Hello, I am Elena and I am a compulsive reader of self help books for writers.

Last weekend at a writers’ workshop I saw Natalie Goldberg’s WRITING DOWN THE BONES in the stack brought by the co-leader of the workshop. I couldn’t resist borrowing it and diving in. (In my defense, I have rewritten a chapter and a half while reading it so I am not completely dysfunctional.)

I found it interesting and unsettling. While I loved Julia Cameron’s THE ARTIST’S WAY, Natalie Goldberg’s style and suggestions go further, making the control freak in me very uncomfortable. I also get the feeling that some of her ideas lend themselves more readily toward the writing of poetry and short stories than to novels. Still, I think there are things there worth trying.

A major theme is “writing practice”, doing free writing in notebooks (with goofy pictures on them to keep one from feeling pressured to create masterpieces in them). My reaction to this idea was something like, “And how is this going to help me complete a manuscript to send to my agent in mid-April per plan?” But I’m trying it, just 10 minutes here and there, as a warm-up. I also think it might help keep me from getting rusty during the months when I’m doing early drafts, when I concentrate on story rather than writing. Anyway, it’s been fun. I even wrote a poem, only the second I’ve written since school. No, I promise I won’t inflict it on you! 🙂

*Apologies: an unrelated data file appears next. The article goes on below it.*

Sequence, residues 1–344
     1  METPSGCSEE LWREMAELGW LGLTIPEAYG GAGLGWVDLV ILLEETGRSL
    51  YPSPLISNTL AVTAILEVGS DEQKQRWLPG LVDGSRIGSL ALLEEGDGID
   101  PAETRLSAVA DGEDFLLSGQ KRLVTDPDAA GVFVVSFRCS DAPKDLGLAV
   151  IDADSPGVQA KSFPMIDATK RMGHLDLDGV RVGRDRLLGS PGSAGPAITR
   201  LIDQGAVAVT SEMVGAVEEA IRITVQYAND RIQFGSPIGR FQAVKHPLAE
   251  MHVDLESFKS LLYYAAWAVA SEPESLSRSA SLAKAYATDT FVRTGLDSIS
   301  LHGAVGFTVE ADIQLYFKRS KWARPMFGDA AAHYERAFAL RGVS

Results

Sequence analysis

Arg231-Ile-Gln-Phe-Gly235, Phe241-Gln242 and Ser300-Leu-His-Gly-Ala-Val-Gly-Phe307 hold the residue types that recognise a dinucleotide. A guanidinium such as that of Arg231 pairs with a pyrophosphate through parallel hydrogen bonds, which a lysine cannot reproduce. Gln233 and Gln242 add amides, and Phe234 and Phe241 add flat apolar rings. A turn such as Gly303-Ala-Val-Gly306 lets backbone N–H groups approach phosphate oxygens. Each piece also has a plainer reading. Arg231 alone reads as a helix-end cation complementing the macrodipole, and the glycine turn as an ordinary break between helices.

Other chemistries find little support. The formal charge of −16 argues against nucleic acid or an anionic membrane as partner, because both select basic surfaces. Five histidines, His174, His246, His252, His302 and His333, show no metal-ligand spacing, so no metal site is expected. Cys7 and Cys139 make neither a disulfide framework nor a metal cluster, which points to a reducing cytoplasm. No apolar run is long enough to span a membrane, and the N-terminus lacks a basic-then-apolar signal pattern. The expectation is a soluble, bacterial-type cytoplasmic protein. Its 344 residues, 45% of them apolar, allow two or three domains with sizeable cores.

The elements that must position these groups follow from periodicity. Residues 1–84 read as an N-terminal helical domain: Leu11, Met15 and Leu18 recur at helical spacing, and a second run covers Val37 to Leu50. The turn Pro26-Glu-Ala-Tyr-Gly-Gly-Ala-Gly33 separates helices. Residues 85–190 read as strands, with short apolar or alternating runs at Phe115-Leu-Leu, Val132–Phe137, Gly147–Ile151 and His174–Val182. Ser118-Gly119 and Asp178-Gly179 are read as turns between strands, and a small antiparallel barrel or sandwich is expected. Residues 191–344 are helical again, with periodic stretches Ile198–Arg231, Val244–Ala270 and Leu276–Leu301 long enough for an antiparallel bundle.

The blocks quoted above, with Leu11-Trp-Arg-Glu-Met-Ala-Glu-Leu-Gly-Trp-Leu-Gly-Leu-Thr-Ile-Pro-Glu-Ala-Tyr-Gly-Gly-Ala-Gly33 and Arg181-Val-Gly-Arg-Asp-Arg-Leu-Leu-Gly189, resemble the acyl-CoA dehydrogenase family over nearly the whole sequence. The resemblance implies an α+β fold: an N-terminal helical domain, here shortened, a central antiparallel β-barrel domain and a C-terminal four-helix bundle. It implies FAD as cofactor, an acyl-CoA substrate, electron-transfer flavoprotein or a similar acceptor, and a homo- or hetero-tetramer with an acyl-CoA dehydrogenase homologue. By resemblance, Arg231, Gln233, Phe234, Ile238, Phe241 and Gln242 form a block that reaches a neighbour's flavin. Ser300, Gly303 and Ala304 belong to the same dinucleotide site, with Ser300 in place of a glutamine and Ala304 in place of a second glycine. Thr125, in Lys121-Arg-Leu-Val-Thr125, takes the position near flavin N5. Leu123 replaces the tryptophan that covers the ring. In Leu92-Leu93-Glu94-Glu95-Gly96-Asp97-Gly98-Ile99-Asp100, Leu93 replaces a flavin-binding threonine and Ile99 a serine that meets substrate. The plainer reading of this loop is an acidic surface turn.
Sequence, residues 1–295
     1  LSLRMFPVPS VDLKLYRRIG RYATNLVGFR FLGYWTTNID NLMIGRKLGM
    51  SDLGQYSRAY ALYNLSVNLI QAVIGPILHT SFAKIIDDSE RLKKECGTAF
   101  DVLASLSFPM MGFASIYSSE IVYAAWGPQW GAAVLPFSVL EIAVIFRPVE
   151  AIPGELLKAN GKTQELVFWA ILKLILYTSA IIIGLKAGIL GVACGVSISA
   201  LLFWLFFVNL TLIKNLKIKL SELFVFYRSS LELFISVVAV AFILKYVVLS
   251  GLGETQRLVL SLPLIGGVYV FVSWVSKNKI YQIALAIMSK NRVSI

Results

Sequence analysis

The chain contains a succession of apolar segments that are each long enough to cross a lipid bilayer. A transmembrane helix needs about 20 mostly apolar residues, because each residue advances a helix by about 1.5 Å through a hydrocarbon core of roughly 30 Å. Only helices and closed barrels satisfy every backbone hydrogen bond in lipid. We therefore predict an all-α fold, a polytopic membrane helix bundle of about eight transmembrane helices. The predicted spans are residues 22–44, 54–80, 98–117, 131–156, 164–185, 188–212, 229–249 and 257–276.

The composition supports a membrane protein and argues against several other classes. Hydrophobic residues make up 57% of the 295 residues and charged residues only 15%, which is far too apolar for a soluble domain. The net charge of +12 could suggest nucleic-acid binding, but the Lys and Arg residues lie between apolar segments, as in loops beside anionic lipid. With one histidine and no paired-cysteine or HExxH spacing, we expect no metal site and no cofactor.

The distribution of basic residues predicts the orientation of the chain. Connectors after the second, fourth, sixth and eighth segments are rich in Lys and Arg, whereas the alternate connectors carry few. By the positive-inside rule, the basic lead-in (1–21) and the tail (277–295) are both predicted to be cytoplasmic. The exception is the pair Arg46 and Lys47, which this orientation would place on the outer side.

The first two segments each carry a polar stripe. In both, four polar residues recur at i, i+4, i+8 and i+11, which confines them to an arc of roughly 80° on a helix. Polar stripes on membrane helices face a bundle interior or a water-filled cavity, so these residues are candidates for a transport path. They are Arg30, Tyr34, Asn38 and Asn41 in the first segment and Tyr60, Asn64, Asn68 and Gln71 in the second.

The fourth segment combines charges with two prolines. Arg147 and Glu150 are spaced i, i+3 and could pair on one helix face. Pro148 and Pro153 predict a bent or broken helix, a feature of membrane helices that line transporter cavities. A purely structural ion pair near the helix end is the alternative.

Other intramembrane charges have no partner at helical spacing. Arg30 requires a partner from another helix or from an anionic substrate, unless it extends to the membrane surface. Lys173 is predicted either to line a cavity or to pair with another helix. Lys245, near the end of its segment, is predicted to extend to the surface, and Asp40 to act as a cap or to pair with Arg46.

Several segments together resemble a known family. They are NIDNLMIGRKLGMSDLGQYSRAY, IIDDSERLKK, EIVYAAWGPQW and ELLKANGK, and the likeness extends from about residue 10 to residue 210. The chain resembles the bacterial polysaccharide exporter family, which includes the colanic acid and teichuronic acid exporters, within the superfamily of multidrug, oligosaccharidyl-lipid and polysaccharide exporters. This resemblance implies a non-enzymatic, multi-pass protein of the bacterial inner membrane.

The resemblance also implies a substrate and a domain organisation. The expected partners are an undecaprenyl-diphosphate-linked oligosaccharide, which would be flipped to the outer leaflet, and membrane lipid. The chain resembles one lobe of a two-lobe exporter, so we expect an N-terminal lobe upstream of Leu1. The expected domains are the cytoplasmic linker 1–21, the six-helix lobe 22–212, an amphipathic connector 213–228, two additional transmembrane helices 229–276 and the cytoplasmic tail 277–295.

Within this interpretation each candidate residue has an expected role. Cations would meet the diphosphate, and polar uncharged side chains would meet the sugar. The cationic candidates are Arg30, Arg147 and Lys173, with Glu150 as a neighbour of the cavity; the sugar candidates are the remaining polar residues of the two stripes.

Another of Goldberg’s suggestions is to write in different places, outdoors, in restaurants or cafés. There are lots of examples of writers penning bestselling novels that way (J.K. Rowling for one). Some writers need to get away from household cares, or they like stimulation, or they feel trapped behind a desk. And it sounds so very chic and sophisticated to write in a café.

But it doesn’t usually work for me. When I started writing my first novel I tried out different locations: libraries, cafés, parks, and found that I was always too anxious to get much done. I’m better off hiding in my “writing cave” (albeit a well decorated and comfy one) where no one can look over my shoulder or interrupt me and I can forget there’s an outside world that might not love my characters as much as I do.

When you read a book, do you ever think about whether the author wrote it sitting in some chic café (like this one in Paris) or at home in her jammies? For the writers amongst you, have any of you read Goldberg? What do you think? Do any of you do practice writing or keep journals? Do you write in the same place every time or do you like to change the territory now and then?